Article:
In live cells, detection of protein activity is most often accomplished by the use of FRET biosensors8,9,10,11. For example Kraynov et al. developed the biosensor Rac1 FLARE, a dual chain FRET biosensor which detects Rac1 activity based on the known interaction of active Rac1 (Rac1 bound to GTP) with a fragment of the effector p21-activated kinase 1 (PAK1)12. Protein activity has been shown in several aspects of cell biology to be regulated by protein oligomerisation. For example, Zhang et al. demonstrated that the activity of Rac1 is modulated by the reversible formation of monomer and homo-dimers in both the inactive (Rac1 bound to GDP) and active (GTP-bound) states and that Rac1-GTP dimers lead to self-stimulatory GTPase activity13. Thus having the means to assess the stoichiometry of the donor and acceptor of a FRET biosensor upon activation would be important to understanding the regulation of activity detected. Furthermore, given that Rac1 is a multi-functional protein, knowing Rac1 is active is not sufficient to understand what role Rac1 is playing in a given signalling pathway. We also need the capability to probe Rac1 interaction not only with the affinity reagent of the biosensor (e.g. the PAK fragment in the FLARE biosensor), but also its interaction with different unknown binding partners.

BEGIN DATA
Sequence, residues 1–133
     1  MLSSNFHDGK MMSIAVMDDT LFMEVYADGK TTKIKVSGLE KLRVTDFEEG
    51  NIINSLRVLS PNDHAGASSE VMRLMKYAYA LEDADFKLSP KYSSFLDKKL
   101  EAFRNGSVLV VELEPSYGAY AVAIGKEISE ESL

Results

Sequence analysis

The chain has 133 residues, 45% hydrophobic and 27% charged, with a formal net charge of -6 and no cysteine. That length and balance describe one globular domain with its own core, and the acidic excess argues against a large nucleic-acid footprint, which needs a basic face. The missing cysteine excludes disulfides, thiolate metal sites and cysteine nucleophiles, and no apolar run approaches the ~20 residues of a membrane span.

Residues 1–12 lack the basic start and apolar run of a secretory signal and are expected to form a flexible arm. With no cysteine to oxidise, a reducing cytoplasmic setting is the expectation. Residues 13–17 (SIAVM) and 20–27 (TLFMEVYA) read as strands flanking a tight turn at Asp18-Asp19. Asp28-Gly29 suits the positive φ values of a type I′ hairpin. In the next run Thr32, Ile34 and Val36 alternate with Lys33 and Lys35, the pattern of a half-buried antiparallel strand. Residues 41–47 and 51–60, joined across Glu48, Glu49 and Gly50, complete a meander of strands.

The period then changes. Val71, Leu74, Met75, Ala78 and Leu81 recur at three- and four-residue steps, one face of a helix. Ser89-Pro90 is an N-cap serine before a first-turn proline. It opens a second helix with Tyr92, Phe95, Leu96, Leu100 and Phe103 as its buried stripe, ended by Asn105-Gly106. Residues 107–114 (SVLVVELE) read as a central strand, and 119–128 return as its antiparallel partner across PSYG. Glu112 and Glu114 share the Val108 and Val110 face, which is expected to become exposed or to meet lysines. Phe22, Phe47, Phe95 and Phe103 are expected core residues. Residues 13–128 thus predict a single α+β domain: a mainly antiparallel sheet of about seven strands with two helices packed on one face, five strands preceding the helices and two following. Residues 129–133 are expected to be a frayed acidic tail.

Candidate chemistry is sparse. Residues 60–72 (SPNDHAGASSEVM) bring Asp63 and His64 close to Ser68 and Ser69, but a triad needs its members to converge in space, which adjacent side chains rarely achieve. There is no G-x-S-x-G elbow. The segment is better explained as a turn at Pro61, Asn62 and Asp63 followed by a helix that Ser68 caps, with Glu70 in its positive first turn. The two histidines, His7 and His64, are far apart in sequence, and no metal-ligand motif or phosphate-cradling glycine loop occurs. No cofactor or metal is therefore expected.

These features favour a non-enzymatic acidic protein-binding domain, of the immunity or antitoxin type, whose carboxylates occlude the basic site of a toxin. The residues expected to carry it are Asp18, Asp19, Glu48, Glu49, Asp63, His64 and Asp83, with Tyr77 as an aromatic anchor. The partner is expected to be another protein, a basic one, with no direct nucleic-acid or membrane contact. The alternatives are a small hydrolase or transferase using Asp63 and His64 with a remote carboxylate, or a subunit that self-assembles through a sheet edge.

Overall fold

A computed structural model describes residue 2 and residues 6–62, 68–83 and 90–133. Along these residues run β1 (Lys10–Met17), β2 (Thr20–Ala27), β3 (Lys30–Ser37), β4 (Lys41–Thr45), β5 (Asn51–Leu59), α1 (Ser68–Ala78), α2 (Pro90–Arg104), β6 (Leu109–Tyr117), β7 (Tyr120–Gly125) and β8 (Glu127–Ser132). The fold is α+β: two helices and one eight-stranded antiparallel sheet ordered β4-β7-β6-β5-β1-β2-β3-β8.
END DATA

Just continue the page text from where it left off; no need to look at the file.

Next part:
Here we establish a fluctuation-based approach to measure how protein oligomerisation modulates signalling protein activity through simultaneous use of the phasor approach to fluorescence lifetime imaging microscopy (FLIM) and cross Number and Brightness (cN&B) analysis. The phasor approach to FLIM is a fit-free method of analysis which can spatially map and quantify the degree of biosensor FRET in each pixel of an image or line scan as a function of time14,15,16. Number and Brightness (N&B) analysis measures the ratio between the variance and the average intensity to obtain the brightness of individual molecules and the stoichiometry of a molecular complex when extended to calculation of cross-variance17,18. By FLIM imaging of a FRET biosensor in a format that enables concomitant phasor and N&B analysis in each pixel of an image, we demonstrate that this method can determine the oligomeric state of the biosensor FRET donor, FRET acceptor and subsequent stoichiometry upon forming a complex, as well as verify the degree of signalling activity detected by FLIM-FRET or probe interaction with an entirely different binding partner through a cross variance analysis.